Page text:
[During an anti-saloon campaign, in central Illinois.]
In the midst of the battle I turned, (For the thunders could flourish without me) And hid by a rose-hung wall, Forgetting the murder about me; And wrote, from my wound, on the stone, In mirth, half prayer, half play: â€” "Send me a picture book, Send me a song, to-day."
I saw him there by the wall When I scarce had written the line, In the enemy's colors dressed And the serpent-standard of wine Writhing its withered length From his ghostly hands o'er the ground, And there by his shadowy breast The glorious poem I found.
This was his world-old cry: Thus read the famous prayer: "Wine, wine, wine and flowers And cup-bearers always fair!" 'Twas a book of the snares of earth Bordered in gold and blue, And I read each line to the wind And read to the roses too: And they nodded their womanly heads And told to the wall just why For wine of the earth men bleed, Kingdoms and empires die. I envied the grape stained sage: (The roses were praising him.) The ways of the world seemed good And the glory of heaven dim. I envied the endless kings Who found great pearls in the mire, Who bought with the nation's life The cup of delicious fire.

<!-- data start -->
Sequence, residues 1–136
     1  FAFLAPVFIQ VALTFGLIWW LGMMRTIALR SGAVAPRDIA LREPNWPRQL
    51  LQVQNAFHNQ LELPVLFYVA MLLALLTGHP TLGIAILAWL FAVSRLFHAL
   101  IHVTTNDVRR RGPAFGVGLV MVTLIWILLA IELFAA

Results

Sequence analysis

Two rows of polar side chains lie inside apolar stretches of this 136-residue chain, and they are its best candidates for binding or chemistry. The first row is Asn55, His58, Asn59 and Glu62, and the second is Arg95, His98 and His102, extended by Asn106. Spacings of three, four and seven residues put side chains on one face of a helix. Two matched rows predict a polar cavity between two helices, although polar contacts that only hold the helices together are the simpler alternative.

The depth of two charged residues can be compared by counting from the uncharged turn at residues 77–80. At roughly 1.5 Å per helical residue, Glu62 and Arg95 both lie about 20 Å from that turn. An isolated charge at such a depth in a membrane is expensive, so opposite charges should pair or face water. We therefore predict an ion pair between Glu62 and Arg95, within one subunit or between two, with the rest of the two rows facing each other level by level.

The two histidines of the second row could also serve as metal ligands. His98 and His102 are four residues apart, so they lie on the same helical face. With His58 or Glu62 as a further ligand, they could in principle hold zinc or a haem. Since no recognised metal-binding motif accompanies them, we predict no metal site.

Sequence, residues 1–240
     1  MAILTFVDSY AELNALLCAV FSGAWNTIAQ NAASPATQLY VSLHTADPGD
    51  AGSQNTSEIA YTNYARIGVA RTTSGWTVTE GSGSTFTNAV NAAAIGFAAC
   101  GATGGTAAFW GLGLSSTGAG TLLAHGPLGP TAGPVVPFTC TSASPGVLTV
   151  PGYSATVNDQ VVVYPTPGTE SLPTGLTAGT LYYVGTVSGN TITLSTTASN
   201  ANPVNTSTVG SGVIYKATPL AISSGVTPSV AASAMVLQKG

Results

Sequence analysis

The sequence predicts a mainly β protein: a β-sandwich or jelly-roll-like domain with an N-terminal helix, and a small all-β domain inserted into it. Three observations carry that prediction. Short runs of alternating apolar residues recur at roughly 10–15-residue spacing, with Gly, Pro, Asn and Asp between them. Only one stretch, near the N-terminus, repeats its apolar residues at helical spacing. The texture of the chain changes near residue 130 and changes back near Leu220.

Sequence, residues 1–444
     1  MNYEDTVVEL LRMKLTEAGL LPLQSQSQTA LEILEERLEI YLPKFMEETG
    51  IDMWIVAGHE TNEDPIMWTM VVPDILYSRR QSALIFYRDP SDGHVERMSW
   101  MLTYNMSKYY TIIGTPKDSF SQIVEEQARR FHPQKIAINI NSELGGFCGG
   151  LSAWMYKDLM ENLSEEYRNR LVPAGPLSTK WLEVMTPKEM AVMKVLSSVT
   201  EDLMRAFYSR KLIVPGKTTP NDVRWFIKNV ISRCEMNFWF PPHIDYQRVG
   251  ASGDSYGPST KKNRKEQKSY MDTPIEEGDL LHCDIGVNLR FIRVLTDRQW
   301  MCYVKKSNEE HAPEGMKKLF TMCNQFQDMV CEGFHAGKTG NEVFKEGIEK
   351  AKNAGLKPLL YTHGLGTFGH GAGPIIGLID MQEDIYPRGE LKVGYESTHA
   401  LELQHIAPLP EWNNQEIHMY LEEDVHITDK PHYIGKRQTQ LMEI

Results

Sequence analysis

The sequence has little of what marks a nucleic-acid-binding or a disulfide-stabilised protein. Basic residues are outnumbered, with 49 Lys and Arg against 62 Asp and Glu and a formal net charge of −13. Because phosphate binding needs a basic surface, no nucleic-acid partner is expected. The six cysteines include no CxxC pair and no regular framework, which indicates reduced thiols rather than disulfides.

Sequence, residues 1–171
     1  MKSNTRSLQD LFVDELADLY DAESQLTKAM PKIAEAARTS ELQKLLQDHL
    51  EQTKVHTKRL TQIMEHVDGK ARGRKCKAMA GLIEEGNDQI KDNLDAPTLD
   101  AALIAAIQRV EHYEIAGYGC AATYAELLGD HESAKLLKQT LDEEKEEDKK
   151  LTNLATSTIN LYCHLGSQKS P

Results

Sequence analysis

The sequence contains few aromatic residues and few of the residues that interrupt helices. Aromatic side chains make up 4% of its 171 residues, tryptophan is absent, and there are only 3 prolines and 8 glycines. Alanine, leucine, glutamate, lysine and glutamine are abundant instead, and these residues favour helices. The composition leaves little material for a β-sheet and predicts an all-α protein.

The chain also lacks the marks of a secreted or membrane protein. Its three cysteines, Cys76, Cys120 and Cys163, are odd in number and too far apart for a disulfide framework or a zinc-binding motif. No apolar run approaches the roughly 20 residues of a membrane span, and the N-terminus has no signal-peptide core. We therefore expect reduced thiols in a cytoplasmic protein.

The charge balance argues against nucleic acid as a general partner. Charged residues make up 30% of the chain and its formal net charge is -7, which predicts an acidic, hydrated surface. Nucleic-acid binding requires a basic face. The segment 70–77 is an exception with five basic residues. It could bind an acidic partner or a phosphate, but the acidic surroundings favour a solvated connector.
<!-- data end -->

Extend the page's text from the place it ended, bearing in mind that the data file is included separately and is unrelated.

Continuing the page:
But the wine of God came down, And I drank it out of the air. (Fair is the serpent-cup, But the cup of God more fair.) The wine of God came down That makes no drinker to weep. And I went back to battle again Leaving the singer asleep.